He added, “And as Claire gets better defending and Amy gets better scoring, our whole team gets better … They try to work on not worrying about how their sister is performing. They’re worrying about how they’re doing and how we’re doing as a team.”
While Julie hasn’t mentioned the upcoming matchup against Katie to Amy and Claire, they know Julie will want to beat her sister, but it won’t be easy.
“I feel like it’s definitely going to be competitive,” Amy said. “I know seeing Julie practice with us day in and day out. She works really hard and she doesn’t like losing the drills the same way that we don’t like losing the drills. So I definitely think there’s going to be some sibling rivalry there.”
While Amy and Claire are in their third year playing together for the Explorers, Julie is a freshman getting ready to suit up against her older sister for the first time.
Julie and Katie have been looking forward to this game since Julie committed to La Salle in the fall of 2019.
“It means a lot being able to finally get to play against her,” Julie said. “…It’s been like two years [that] we’ve been talking about this game, waiting for this game. I think it’s going to be pretty special.”
For Katie, a graduate student at Saint Joseph’s, it’s a different viewpoint after being linked to her sister Kelly, who is one year older than her, for most of her life.
The Jekot sisters are no stranger to basketball. Julie and Katie’s father played basketball at Lock Haven, and their older sister Kelly plays at Penn State while their younger sister Jill is a sophomore in high school and has already received numerous scholarship offers.
Katie started playing basketball when she was eight, while Julie cannot remember a time where she didn’t play the sport.
Growing up Julie and Katie were never on the same team, being four years apart, but have fond memories of playing family 3-on-3 games.
The COVID-19 pandemic brought all four Jekot sisters home together for the first extended period in years.
“It definitely brought back a lot of memories because we haven’t been like that in a while just because they obviously have crazy schedules,” Julie said. “We’re never even home all at the same time. So it was really fun to just be able to get back at it.”
In between family games of Knockout Julie was able to learn about being a college basketball student-athlete from Katie and Kelly while she was still in high school.
“Kelly and I got workouts from our strength coach and even from our basketball coaches,” Katie said. “So we were able to take her into those workouts and she did them with us. And we were on our driveway doing little lifting workouts. We put a whole mini gym in our garage … So we put her through some of that … It was good for her to see what a real college workout looks like, just so she was prepared for when she got to La Salle.”
In addition, Katie, more recently, was able to help Julie through the mental transition of not only playing at the Division I level, but also playing in the A-10.
“It is draining, especially in the preseason when there’s no games,” Julie said. “It’s practice after practice, and you’re in classes. So I would always talk to her about it, and she’s like ‘It’s going to get better, all of your hard work is going to start paying off.’”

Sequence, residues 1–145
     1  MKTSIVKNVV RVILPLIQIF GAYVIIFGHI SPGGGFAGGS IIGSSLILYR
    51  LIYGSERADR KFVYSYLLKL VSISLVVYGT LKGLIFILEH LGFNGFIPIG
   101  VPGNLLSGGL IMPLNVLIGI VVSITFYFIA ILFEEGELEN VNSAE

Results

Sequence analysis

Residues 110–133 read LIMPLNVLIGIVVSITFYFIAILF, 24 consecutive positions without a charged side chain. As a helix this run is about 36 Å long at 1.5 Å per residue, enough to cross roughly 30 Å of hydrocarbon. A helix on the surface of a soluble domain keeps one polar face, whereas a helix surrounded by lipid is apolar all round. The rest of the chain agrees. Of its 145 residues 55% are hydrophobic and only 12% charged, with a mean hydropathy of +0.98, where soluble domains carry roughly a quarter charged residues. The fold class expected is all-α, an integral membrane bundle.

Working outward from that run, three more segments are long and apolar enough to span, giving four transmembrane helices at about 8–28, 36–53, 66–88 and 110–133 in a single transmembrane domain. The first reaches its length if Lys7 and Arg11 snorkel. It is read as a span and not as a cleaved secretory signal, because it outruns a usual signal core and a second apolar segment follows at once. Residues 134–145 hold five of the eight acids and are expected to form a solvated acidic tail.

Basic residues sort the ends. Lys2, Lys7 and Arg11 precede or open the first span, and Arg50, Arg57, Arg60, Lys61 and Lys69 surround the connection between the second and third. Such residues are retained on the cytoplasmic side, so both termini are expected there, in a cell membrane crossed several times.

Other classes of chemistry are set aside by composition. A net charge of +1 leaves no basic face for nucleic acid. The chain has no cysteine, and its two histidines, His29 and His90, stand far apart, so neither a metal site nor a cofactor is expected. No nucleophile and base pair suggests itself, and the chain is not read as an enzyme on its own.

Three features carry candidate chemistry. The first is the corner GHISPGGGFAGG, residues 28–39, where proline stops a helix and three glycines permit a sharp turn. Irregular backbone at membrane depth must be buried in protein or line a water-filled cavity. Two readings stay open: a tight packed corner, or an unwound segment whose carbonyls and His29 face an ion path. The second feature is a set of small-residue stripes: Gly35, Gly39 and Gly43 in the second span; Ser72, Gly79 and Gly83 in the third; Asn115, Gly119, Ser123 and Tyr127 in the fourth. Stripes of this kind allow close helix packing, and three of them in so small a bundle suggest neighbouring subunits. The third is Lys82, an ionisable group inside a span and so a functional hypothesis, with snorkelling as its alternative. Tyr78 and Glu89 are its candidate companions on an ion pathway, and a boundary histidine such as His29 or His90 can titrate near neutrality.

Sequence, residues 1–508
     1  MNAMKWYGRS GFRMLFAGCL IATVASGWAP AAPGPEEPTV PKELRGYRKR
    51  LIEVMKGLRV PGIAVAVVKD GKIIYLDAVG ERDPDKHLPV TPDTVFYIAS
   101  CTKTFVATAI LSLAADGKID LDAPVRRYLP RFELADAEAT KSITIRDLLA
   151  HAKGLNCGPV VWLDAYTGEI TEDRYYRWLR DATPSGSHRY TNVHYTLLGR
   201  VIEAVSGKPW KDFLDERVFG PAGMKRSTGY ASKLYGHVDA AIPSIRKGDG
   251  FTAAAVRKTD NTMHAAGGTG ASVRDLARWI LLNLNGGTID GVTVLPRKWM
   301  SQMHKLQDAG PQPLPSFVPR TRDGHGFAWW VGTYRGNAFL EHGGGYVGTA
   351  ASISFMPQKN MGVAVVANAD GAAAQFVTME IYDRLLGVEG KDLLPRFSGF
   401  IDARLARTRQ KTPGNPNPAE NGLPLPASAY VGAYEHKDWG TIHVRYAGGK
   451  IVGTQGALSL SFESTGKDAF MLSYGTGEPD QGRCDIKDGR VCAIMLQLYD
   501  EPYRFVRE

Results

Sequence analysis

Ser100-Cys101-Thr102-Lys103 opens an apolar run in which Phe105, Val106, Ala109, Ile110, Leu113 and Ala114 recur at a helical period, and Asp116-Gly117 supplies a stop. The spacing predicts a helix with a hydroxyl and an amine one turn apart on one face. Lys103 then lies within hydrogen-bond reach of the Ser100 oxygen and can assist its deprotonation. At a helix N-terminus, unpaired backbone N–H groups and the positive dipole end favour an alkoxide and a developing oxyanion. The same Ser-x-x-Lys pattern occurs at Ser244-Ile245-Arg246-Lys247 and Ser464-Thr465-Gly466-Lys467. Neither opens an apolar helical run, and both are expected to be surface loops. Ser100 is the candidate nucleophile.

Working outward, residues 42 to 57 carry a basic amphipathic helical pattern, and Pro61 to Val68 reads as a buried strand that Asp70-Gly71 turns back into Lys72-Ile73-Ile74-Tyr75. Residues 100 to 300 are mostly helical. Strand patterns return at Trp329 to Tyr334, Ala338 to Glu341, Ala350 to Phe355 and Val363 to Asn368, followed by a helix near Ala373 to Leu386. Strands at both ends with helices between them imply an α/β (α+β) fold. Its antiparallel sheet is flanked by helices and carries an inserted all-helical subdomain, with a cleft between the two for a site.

While her efforts have not reflected on the box score, so far, Julie has seen action in all 14 games this season and averages 1.0 points and 1.2 rebounds in 8.2 minutes per game.
When not playing games of their own, Julie and Katie try to make it to each other’s games.
This season, Katie is averaging 10.6 points, 3.7 rebounds, 4.3 assists and 2.1 steals per game for the Hawks.
Julie grew up going to her sisters’ games and took the opportunity to mold how she plays after her sisters.
She described Katie as a “feisty point guard” and added “She doesn’t stop. She’s just go go go, so very high energy. And on defense, she will not let anyone score on her. That’s her mentality. She really takes a lot of pride in her defense.”
Katie on the other hand described Julie as a really good three-point shooter.
“She can knock down open shots and then she just does the little things,” Katie said. “She’ll go and look for steals, she’ll go and get offensive boards. She’s just a player you want to have on your team to go out there and work really hard for you.”
Off the court, Julie and Katie have had more time to spend together, being just a handful of miles away from each other at their respective colleges. From Qdoba trips to shopping to Julie shopping in Katie’s closet, the sisters can bond between their busy schedules.
For Julie, the constant support, the knowledge that her sisters know what she’s going through and the companionship in the basketball journey are her favorite parts of being a member of a basketball family. In addition, she appreciates the competitiveness within the family, because it pushes them to get better.
Katie shares that competitive, family-centered view.
“Kelly was at Villanova so just all being part of Philly basketball has been really fun,” Katie said. “And just getting to see each other play and do well is probably the best part about all of it.”
In addition to wanting to win to improve their team’s record, Julie and Katie want to defeat their sister.
“I think it’s definitely important that we win this game,” Katie said. “One, not only because I’m older and I don’t need her talking in my ear after the game. But two, it will be a big win for our team.”
A win will improve the Hawks to 3-1 in the Big Five, in addition to giving the team a win in-conference.
Julie also sees the value in winning beyond a family rivalry, but added: “Since my sister is on the team, I definitely would have to have a few digs if we won the game.”
The two pairs of sisters are scheduled to take the court on Jan. 17 at noon EST.
Written by Natalie Heavren
Natalie Heavren has been a contributor to The Next since February 2019 and currently writes about the Atlantic 10 conference, the WNBA and the WBL.